The science that has been developed around the facts of language known as linguistics has passed through three distinct stages before finding its modern form as a respected science. First, something called “grammar” was studied. This study, initiated by the Greeks and continued mainly by the French, was based on logic. It lacked a scientific approach and was detached from language itself. Its only aim was to give rules for distinguishing between correct and incorrect forms; it was a normative discipline, far removed from actual observation, and its scope was limited. The early grammarians were focused on the correct use of a particular language with no regard to past manifestations of the language, or its relation to neighboring foreign languages.
Next appeared what might be termed “classical philology.” A “philological” school had existed much earlier in Alexandria, but this name is more often applied to the scientific movement which was started by Friedrich August Wolf in 1777 and which continues to this day. Language is not its sole object. The early philologists sought especially to correct, interpret and comment upon written texts. Their studies also led to an interest in literary history, customs, institutions, etc. They applied the methods of criticism for their own purposes. When they dealt with linguistic questions, it was for the express purpose of comparing texts of different periods, determining the language peculiar to each author, or deciphering and explaining inscriptions made in an archaic or obscure language. Doubtless, these investigations broke the ground for historical linguistics. The religious studies of Wolf are actually linguistic in basic form, but their philological criticism is still deficient on one point: it follows the written language too slavishly and neglects the living language. Moreover, it is concerned with little except Greek and Latin antiquity.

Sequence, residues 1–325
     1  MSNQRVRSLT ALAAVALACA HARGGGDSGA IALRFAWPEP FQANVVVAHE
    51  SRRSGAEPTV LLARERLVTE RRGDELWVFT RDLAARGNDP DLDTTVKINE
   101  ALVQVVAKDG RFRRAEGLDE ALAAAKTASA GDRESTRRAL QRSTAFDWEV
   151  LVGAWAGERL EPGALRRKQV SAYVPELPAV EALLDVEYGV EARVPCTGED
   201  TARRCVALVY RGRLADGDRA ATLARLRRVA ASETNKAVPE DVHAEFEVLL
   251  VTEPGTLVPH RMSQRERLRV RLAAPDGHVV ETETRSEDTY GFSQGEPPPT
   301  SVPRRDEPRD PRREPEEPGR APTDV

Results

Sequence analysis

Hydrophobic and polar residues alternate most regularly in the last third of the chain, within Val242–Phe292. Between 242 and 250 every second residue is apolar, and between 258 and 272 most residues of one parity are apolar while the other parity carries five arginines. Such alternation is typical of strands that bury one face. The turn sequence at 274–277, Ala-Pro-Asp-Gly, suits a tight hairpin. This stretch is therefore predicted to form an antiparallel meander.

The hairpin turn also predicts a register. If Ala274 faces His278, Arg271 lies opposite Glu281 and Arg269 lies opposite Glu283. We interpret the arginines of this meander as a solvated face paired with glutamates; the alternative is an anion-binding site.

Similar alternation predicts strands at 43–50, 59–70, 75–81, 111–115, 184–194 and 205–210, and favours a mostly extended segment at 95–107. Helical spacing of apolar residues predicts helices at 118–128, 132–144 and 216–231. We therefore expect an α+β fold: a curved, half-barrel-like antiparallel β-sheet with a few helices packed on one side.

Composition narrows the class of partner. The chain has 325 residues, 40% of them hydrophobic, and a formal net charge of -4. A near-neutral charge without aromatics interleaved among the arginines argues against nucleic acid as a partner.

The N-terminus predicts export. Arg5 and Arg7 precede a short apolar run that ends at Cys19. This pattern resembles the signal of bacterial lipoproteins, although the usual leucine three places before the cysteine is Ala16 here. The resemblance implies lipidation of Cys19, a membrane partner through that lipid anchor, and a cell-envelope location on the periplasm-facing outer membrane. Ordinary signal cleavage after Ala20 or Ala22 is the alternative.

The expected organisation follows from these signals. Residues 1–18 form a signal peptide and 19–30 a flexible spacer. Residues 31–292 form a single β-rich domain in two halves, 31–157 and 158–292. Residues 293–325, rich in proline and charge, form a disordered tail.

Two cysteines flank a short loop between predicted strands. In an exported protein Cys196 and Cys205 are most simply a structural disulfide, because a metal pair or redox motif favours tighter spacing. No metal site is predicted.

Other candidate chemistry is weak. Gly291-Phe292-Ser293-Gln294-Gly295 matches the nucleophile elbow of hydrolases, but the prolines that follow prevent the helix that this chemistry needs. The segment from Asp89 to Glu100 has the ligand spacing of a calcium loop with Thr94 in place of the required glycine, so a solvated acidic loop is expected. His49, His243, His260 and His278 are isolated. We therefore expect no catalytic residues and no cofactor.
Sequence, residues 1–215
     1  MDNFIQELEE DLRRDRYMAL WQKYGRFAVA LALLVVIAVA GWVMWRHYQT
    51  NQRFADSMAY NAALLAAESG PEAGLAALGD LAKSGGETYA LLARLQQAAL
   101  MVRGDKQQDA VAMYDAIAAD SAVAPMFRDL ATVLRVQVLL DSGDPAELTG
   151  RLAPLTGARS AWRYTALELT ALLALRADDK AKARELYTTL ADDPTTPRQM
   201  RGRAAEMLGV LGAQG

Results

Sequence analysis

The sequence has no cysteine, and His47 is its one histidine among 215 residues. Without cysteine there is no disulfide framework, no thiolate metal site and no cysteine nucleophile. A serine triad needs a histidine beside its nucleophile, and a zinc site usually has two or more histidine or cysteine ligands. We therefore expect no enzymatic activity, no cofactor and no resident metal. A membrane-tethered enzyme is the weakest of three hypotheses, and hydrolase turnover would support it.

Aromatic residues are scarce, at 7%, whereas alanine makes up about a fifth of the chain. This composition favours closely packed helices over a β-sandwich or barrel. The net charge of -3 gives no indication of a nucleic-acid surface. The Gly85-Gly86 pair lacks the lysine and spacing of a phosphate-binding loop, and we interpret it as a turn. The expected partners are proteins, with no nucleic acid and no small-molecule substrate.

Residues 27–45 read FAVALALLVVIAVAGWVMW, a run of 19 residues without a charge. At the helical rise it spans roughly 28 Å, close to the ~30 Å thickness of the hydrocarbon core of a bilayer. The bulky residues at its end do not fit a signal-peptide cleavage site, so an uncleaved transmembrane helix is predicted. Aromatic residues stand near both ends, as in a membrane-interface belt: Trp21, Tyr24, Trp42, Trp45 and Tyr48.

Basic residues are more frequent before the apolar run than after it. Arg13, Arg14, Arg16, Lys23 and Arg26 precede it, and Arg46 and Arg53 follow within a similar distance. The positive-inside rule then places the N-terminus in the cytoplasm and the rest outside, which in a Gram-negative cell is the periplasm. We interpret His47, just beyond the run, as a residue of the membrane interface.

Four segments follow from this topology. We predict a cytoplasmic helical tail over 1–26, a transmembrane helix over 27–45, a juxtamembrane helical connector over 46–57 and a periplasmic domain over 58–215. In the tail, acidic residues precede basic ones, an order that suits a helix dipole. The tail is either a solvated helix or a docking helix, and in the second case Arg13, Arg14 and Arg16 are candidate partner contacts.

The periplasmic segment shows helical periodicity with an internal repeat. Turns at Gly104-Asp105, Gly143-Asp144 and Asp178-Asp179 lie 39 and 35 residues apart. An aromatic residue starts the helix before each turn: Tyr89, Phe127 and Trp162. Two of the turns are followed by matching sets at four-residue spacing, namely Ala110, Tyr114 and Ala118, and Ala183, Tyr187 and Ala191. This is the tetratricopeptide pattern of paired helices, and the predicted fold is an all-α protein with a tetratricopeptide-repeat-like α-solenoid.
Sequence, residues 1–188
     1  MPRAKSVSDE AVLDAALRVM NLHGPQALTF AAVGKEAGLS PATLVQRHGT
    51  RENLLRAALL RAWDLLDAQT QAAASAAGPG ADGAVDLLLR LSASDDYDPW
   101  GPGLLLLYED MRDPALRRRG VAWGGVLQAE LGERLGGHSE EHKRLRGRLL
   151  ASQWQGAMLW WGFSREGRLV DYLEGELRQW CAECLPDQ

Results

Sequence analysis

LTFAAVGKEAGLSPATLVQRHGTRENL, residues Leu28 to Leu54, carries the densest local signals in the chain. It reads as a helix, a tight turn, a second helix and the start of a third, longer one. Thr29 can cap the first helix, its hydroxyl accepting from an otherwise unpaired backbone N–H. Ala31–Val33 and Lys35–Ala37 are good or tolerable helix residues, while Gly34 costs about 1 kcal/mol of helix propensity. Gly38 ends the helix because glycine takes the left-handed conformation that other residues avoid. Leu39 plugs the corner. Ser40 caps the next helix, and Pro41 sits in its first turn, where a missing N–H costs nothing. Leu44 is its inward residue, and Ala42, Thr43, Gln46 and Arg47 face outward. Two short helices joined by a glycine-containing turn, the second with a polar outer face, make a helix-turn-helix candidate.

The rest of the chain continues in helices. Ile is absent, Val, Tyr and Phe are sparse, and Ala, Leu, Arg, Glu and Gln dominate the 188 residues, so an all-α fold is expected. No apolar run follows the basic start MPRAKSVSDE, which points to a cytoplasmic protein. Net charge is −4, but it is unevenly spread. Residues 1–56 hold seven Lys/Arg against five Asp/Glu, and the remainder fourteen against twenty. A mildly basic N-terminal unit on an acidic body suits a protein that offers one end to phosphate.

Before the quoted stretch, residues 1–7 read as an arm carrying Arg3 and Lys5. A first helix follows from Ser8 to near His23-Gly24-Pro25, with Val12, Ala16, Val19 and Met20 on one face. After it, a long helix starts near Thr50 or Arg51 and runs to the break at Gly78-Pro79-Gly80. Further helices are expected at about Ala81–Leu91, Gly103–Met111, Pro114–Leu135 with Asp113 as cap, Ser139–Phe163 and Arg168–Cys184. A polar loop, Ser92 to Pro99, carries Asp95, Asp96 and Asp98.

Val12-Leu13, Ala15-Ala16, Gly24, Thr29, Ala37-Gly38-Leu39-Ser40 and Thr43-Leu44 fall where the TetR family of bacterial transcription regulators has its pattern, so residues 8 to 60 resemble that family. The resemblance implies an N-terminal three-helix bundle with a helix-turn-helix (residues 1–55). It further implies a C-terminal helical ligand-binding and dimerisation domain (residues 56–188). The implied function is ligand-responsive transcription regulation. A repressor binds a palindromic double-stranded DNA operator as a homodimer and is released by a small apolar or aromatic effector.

The third stage began when scholars discovered that languages can be compared with one another. This discovery was the origin of “comparative philology.” In 1816, in a work entitled The Relations Between Sanskrit and Other Languages, Franz Bopp compared Sanskrit with German, Greek, Latin, etc. Bopp was not the first to record their similarities and state that all these languages belong to a single family. That had been done before him, notably by the English orientalist W. Jones (died in 1794); but Jones’ few isolated statements do not prove that the significance and importance of comparison generally had been understood before 1816. While Bopp cannot be credited with the discovery that Sanskrit is related to certain languages of Europe and Asia, he did realize that the comparison of related languages could become the subject matter of an independent science. To illuminate one language by means of another, to explain the forms of one through the forms of the other, that is what no one had done before him. Bopp was also known to study language change within a single language by studying a wide range of works from different time periods in order to see the change in usage.
Whether Bopp could have created his science — so quickly at least — without the prior discovery of Sanskrit is doubtful. With Sanskrit as a third witness besides Latin and Greek, Bopp had a larger and firmer basis for his studies. Fortunately, Sanskrit was exceptionally well-fitted to the role of illuminating the comparison.
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